Interesting article from reader Jim.
Even hunter-forager humans have twice the life expectancy as wild chimps
Genetic changes that apparently allow humans to live longer than any other primate may be rooted in a more carnivorous diet.
These changes may also promote brain development and make us less vulnerable to diseases of aging, such as cancer, heart disease and dementia.
Chimpanzees and great apes are genetically similar to humans, yet they rarely live for more than 50 years. Although the average human lifespan has doubled in the last 200 years — due largely to decreased infant mortality related to advances in diet, environment and medicine — even without these improvements, people living in high mortality hunter-forager lifestyles still have twice the life expectancy at birth as wild chimpanzees do.
Now, we understand that chips cooperatively hunt, capture, and rip their prey apart limb-from-limb to great tribal fanfare and meat loving…
Here’s one that shows their hunting tactics from above, via infrared.
So what gives, then? Well, perhaps it’s because bi-pedal hominids began using stone tools upwards of 2.5 million years ago and probably longer. In so doing, they were able to scavenge the high density nutrients (fats, mostly) in bone marrow and brains, inaccessible to carnivores.
Then, as Max Kleiber showed in 1947, humans, chimps and virtually all animals follow a linear function of mass to metabolic rate.
So, essentially, all animals that weight the same have the same metabolic rate. And in comparing us to chimps, we find that all the major organs have the same metabolic cost. What’s different is our brain size vs. gut size. From the article:
The oldest known stone tools manufactured by the ancestors of modern humans, which date back some 2.6 million years, apparently helped butcher animal bones. As our forerunners evolved, they became better at capturing and digesting meat, a valuable, high-energy food, by increasing brain and body size and reducing gut size.
Now for my first complaint: how come on the one hand it talks about butchering animal bones, leading to capturing and eating meat, yet no mention of fats? What’s inside bones is extremely high in fats. Why not acknowledge that?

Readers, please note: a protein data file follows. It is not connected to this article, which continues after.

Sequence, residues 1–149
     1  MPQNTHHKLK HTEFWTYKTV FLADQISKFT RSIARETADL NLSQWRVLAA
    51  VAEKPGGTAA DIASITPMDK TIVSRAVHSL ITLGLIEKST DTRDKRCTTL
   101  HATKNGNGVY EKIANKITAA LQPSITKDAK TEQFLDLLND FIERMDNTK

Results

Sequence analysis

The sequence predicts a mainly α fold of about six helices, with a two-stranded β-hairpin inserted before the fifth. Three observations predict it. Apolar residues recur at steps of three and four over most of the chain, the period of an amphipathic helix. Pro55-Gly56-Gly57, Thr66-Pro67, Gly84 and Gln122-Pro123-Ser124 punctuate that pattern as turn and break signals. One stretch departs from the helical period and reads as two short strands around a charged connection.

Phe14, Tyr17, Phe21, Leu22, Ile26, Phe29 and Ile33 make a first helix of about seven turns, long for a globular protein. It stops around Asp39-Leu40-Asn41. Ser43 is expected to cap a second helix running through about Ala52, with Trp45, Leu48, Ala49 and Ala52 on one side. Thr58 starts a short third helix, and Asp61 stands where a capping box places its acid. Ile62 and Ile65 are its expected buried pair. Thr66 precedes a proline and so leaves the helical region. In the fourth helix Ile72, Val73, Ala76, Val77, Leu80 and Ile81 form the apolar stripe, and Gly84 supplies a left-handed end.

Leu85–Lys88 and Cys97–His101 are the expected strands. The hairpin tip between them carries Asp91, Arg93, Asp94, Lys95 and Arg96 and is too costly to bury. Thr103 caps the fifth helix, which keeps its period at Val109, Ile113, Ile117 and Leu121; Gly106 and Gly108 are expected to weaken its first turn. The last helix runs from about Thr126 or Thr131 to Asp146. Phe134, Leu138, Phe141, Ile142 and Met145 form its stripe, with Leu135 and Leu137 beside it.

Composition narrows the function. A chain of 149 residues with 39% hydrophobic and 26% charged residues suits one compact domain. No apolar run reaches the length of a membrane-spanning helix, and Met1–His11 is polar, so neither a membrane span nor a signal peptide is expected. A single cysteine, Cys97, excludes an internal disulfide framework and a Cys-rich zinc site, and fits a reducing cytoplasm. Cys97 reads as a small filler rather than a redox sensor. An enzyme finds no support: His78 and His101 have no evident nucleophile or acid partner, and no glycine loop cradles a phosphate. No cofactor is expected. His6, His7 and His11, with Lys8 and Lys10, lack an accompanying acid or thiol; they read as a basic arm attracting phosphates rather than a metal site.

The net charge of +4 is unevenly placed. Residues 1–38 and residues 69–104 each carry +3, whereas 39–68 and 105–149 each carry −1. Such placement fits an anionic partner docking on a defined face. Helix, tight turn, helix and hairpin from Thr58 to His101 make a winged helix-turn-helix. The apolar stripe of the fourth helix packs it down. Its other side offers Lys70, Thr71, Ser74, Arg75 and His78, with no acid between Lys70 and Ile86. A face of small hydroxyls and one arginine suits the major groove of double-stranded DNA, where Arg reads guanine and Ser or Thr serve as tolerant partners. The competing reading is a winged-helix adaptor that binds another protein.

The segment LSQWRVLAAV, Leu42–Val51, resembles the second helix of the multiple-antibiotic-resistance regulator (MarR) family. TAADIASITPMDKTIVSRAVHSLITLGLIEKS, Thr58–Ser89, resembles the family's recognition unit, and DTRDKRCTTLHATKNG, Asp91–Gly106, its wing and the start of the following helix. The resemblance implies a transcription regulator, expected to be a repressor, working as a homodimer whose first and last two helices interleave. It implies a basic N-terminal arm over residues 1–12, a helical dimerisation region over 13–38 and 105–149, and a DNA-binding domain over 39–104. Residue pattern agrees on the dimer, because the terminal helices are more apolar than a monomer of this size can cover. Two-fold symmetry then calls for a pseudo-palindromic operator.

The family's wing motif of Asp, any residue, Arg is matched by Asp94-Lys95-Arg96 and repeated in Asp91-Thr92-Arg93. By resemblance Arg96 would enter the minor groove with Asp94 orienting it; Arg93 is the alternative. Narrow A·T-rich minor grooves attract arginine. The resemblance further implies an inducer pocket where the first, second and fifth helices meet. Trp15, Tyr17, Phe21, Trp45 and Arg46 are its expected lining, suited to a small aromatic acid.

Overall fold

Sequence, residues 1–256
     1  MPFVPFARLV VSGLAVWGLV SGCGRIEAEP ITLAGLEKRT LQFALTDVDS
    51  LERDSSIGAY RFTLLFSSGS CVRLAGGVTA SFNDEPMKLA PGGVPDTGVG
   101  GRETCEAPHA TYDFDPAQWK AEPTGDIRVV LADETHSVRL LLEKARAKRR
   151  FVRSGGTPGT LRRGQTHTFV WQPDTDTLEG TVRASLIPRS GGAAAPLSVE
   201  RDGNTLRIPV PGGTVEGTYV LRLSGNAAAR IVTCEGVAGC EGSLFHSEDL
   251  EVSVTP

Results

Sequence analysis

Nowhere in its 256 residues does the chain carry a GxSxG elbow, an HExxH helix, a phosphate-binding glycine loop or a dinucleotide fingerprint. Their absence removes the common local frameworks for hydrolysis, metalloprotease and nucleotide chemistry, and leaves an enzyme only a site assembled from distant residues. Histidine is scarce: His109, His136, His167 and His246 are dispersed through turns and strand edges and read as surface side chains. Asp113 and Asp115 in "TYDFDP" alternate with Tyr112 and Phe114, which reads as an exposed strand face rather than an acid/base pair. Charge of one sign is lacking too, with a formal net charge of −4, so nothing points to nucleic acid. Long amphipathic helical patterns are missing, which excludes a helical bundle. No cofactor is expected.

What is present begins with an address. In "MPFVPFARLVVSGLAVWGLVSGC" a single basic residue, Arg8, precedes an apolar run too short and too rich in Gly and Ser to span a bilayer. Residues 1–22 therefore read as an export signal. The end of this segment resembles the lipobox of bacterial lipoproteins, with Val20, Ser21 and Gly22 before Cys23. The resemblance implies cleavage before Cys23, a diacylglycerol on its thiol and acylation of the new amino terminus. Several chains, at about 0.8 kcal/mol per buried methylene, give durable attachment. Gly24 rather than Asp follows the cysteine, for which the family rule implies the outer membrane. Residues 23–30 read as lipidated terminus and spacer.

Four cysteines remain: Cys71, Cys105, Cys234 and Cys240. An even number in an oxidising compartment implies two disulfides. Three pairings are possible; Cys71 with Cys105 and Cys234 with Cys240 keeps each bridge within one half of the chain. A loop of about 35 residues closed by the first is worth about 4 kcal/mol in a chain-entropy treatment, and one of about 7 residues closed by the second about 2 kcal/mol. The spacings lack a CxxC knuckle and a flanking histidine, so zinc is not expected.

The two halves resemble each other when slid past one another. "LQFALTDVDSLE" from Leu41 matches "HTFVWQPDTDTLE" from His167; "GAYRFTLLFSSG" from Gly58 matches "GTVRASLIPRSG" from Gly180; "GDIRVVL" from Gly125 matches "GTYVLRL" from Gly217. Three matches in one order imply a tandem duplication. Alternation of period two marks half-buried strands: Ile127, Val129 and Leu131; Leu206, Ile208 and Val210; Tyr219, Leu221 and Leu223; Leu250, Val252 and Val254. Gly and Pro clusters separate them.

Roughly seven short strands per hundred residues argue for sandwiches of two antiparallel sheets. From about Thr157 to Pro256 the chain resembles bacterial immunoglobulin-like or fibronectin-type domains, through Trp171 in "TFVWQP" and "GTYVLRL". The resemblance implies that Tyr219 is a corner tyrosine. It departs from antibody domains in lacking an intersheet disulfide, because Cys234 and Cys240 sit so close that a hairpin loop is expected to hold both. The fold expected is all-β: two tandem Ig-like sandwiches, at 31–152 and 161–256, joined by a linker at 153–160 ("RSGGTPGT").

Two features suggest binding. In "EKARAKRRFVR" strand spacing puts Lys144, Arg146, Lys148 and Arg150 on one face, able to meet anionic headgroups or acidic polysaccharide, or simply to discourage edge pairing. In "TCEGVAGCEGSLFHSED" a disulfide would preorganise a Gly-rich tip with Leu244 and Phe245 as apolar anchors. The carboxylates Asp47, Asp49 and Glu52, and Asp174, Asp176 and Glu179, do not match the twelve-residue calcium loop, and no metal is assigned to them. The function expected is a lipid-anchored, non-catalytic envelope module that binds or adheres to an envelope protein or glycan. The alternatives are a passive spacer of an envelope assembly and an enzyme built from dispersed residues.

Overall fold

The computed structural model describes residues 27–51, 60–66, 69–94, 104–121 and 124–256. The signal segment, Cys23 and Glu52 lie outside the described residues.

At any rate, I’ve posted on Kleiber’s Law and the Expensive Tissue Hypothesis recently, for those desiring more in-depth:
- Do The Math, Dr. T. Colin Campbell
- Saturated Fat and Coronary Heart Disease, Part II: The Paleo Principle
And if you want to really dig deep into it, see Dr. Mike Eades post, Are We Meat Eaters or Vegetarians?
Then we advance to unlock another piece of the puzzle from the original article cited.
Over time, eating red meat, particularly raw flesh infected with parasites in the era before cooking, stimulates chronic inflammation, Finch explained. In response, humans apparently evolved unique variants in a cholesterol-transporting gene, apolipoprotein E, which regulates chronic inflammation as well as many aspects of aging in the brain and arteries.
One variant found in all modern human populations, known as ApoE3, emerged roughly 250,000 years ago, "just before the final stage of evolution of Homo sapiens in Africa," Finch explained.
Well that’s all well and interesting, but I’m not sure how well that hypothesis (that ApoE3 arose primarily in response to parasites from uncooked meat) would stand if it turns out we began cooking much, much earlier (Is It The Meat, or Cooking The Meat?), maybe even at the advent of homo Erectus 1.8 million years ago. We do know from even modern hunter-gatherers that cooking vessels aren’t needed, that the meat is often just tossed in the fire and retrieved to eat. Speculating, could we have gotten a taste for cooked meat very early, say, from scavenging meat burned during a quick forrest or brush fire ignited by lightening?
But I’m getting a little suspicious. Is there a "meat is inherently unhealthy" bias, and we had to evolve ways to not die from the very thing that they just claimed made us human in the first place…? Does this not strike you as somewhat circular? I mean, it couldn’t possibly be that we evolved to live longer than apes naturally (all else remaining equal) because of numerous factors, evolutionary pressures, surviving great odds against us, and/or that there’s one hell of a lot more bioavailable nutrition in a diet of cooked meat, fat, vegetables, fruits & nuts than, say, cellulose?
Is this yet another example of unbridled reductionism — that it’s necessary to find a single magic switch in a gene that protects us from awful meat & animal fat? Well, I suppose that’s where you have to look if you accept the premise.
So now for the obligatory anti-meat & animal fat part, signaling the bias I was beginning to detect.
"I suggest that it arose to lower the risk of degenerative disease from the high-fat meat diet they consumed," Finch told LiveScience. "Another benefit is that it promoted brain development."
Curiously, another more ancient variant of apolipoprotein E found in a lesser degree in all human populations is ApoE4, which is linked with high cholesterol, shortened lifespan and degeneration of the arteries and brain.
Yep, that’s what it looks like to me. The very thing that drove our evolution profoundly forward is a-priori unhealthy and instead of wiping us out, we eventually developed a coupla genes that keep us alive (and for longer than our ancestors!). But, if I get the implication right, do lower your meat, animal fat consumption, and of course, watch your cholesterol!
That’s my take, anyway. Anyone see it differently?